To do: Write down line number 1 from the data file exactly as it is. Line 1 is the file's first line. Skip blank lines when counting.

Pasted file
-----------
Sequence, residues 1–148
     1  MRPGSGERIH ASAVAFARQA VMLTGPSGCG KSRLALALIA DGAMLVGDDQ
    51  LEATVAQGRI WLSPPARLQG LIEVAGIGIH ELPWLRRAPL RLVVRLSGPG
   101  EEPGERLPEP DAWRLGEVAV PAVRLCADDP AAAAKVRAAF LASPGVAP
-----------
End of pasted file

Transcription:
Sequence, residues 1–148